Located between Brittany and the Norman peninsula of Cotentin, the Bay of Mont-Saint-Michel is listed as one of the most beautiful bays in the world. It extends from the cliffs of Champeaux (east coast) to the Pointe du Grouin in Cancale (west coast), 23 kilometres from the mouth. The bay represents an area of 450km².
Here, architecture and nature combine perfectly.
It is the scene of the highest tides in Europe and has been a UNESCO World Heritage Site since 1979.
In some years, the tidal range can reach 15 metres in height.

The foreshore thus opens up several dozen kilometres out to sea, allowing fishermen, hunters, birdwatchers, walkers and pilgrims to venture out for the duration of a tide.
This bay is full of dangers, among them the famous quicksand. Far from being legendary, many people have been trapped there. It is a natural and physical phenomenon which consists, via
It is a natural and physical phenomenon which consists, via vibrations on the ground, in transforming “La Tangue” (sandy-muddy mixture) from a solid state to a liquid state. After some practice, it is easy to get out of it…
It is necessary to know the tide times, or to take a professional and recognised guide to venture out. The bay is not flat and uniform. Many people have found themselves surrounded by sandbanks and trapped by the tide.
Here, the sea goes away very far but also comes back very fast, with the legendary speed of the galloping horse. (T.Gauthier)
The bay is full of riches and a unique and sensitive fauna.
In terms of hunting, as winter approaches, more than 1,500 different species of birds pass through the estuary on their way back from their nesting grounds in the Nordic countries to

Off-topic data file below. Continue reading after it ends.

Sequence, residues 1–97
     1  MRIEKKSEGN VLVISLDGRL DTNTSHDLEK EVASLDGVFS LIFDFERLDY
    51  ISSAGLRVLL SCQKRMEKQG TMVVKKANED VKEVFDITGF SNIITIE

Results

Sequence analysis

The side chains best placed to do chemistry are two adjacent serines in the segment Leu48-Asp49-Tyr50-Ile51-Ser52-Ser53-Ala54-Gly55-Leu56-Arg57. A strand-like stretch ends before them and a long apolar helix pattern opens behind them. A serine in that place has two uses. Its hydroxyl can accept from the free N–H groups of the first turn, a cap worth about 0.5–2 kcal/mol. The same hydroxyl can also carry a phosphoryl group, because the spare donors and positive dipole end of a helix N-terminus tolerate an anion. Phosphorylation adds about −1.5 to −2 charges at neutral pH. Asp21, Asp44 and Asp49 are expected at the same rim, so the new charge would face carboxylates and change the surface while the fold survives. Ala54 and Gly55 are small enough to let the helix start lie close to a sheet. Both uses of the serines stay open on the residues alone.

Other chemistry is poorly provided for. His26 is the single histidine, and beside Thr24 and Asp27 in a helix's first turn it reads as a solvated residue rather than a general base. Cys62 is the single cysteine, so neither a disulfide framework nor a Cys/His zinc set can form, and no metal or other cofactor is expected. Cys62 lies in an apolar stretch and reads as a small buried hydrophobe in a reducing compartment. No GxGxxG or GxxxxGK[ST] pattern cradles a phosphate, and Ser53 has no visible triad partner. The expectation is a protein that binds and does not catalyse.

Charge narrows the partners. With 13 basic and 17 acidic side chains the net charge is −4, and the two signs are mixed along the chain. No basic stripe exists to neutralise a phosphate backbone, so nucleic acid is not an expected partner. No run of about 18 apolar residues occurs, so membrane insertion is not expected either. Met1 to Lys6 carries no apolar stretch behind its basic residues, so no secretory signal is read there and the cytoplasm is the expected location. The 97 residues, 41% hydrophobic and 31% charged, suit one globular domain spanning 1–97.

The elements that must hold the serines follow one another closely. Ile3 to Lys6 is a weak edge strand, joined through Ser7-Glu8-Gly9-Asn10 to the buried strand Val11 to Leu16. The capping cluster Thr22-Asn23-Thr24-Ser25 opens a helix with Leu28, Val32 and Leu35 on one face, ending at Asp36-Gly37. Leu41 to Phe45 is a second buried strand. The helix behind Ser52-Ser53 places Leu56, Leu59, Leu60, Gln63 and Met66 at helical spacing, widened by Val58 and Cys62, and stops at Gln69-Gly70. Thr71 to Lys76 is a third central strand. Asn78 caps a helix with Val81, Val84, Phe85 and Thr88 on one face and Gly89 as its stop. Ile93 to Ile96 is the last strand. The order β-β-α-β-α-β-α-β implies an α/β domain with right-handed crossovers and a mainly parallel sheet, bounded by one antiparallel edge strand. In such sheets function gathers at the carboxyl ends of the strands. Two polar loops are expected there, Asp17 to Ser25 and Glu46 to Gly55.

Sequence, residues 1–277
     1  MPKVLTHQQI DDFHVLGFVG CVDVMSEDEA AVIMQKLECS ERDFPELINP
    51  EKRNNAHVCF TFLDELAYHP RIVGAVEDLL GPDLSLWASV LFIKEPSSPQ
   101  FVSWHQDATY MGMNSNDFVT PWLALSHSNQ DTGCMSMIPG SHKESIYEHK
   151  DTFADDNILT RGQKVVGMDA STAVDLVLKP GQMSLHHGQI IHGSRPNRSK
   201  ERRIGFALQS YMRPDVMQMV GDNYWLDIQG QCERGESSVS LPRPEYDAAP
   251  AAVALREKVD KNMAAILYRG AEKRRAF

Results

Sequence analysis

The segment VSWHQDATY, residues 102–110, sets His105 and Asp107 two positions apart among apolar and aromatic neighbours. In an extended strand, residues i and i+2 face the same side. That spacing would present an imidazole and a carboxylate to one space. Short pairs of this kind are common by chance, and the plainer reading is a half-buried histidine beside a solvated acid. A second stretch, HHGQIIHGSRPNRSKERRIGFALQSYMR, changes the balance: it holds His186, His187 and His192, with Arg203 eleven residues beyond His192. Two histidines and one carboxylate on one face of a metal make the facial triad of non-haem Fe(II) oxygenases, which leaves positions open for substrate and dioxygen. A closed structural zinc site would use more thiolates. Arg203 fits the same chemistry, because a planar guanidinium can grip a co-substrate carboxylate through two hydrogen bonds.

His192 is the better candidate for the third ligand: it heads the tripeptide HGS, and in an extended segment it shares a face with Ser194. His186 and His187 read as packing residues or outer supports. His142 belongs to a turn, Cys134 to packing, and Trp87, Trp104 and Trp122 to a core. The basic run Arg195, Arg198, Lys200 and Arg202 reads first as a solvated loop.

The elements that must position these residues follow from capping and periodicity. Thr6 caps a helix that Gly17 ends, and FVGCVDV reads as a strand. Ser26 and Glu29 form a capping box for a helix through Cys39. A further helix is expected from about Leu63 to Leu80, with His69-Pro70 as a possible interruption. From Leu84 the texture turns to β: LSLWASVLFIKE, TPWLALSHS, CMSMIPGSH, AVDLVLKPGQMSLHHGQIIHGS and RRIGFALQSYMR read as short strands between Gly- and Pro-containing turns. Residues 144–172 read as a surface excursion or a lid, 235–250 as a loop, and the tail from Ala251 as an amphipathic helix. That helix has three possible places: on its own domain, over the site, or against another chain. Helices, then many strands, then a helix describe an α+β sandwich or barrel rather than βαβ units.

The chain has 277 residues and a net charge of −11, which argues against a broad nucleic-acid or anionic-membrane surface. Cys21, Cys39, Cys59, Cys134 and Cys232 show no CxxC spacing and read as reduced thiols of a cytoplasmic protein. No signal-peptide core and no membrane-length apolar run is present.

the Iberian Peninsula to spend the winter in warmer countries. The Bay plays an essential role in their migration, taking advantage of the ebb and flow of the tides to rest, gather and feed on the Foreshore.



Among them are the famous brant, which come in their thousands to winter on our salt meadows, the largest in Europe (over 4000 hectares).
From a fisheries point of view, it is not uncommon to observe marine mammals (grey seals and sea calves) in the waterways, taking advantage of the tidal cycle to come and fatten up in the estuary with flatfish or other mullets…
Not forgetting the king of fishes, “Salmo Salar”, the Atlantic salmon, 100% wild and migratory too. The Bay has always had large populations of salmon, returning from their fattening areas
from their fattening areas and after having eaten shrimps off Newfoundland, Greenland or the Faroe Islands. They return to their native rivers to reproduce in their turn.
Salmon fishing was one of the main human activities in the Bay and an important source of income until its definitive closure (end of the 20th century).
Along with cockle fishing (coquetières or pieds-rouges) and salt production (sauliers).

While the rocks of the bay of Mont-Saint-Michel (Tombelaine, Mont-St-Michel and Mont-Dol) appeared 540 million years ago as a result of numerous magmatic upwellings.
The human and religious history of this bay did not appear until the 8th century.
In 708, the bishop Aubert of Avranches saw a dream appear in a deep sleep: the Archangel Michael. The latter appeared to him and ordered him to build a sanctuary in his honour where
his merits, at the top of Mont Tombe (former name of Mont-Saint-Michel).
This oratory, built by the hands of the bishop, will remain Norman and will become a major place of pilgrimage in Europe. It became the Bay of Legends.
These pilgrims are called Miquelots, descendants of Michel in Latin Michaël (meaning in Hebrew: who is like God).




They have been crossing the bay for more than 1300 years and nowadays they continue to follow these routes to entrust their souls to the Holy of Holies… It is the ultimate forgiveness.
Mont-Saint-Michel has been through many periods and wars.